(And check out these amazing cosplay pics! People really love this book.)

7 thoughts on “Dokyusei: Asumiko Nakamura

  1. I think her art is the kind where people either really love it or really hate it. It’s just that distintive. I have a friend who loves her stories but detests the art. I am in the ‘loving it’ camp, personally. I mean, check out those eyes! I think the way she draws the eyes of her characters is the main reason why they look so other wordly and mesmerizing.
    I have to confess that the first time I read Dokyusei, I had a massive crush on Sajo. Only reminding myself of my age made me behave and kept my dignity intact. I’ve read all three books of the series and I think Sotsugyousei – Haru is the best. *spoiler alert* There is a scene of first time sex, but it’s tasteful and not overwhelming. You should check out Sora to Hara too.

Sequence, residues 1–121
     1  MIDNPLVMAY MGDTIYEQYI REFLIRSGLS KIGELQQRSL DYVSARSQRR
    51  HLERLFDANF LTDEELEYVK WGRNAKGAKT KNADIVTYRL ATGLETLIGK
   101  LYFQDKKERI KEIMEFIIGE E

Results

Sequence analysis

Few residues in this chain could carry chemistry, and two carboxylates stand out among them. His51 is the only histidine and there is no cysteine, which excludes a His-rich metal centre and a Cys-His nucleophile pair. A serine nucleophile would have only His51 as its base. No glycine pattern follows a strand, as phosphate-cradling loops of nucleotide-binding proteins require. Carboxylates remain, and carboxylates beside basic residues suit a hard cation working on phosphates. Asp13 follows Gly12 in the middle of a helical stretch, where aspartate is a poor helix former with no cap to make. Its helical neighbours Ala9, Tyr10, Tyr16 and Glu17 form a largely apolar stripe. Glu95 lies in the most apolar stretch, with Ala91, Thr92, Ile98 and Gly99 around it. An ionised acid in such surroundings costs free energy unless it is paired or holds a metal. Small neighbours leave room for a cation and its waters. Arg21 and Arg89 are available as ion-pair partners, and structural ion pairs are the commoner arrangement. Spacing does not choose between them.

By the way, I just want to recommend you this book –> 地上はポケットの中の庭 by 田中 相.
    It’s one of the best mangas I’ve ever read this year.

    1. I agree, her art is very much of the polarizing kind. People either love her lines or hate them. But like you, I am in the love them camp. The ethereal looseness is just so gorgeous and attractive for me. I’m planning to read the rest of the series, as it is. I really enjoyed Dokyusei, so I want to see where these crazy kids end up. (Also, I love that you had a crush on Sajo. He *is* pretty hot and all!)

      Also, thanks for the recommendation! I’ll definitely check it out.

  2. I hope that you will read J no Subete and Barairo no Hoo no Koro. Personally, I believe these two are the most stunning works of Asumiko. Her stories and her art, how the tragedy flows from words to the art line in each frame, she is always one of my favorites.

    1. Thanks for the recommendations! I’m definitely planning on reading more of her work. (I have two of her books sitting in the pile to be read next to my desk right now, in fact.) It’s just so gorgeous.

  3. I liked your review at the time and am happy that J-Manga brought this over with one of their better translations (and is selling it to non US people to boot)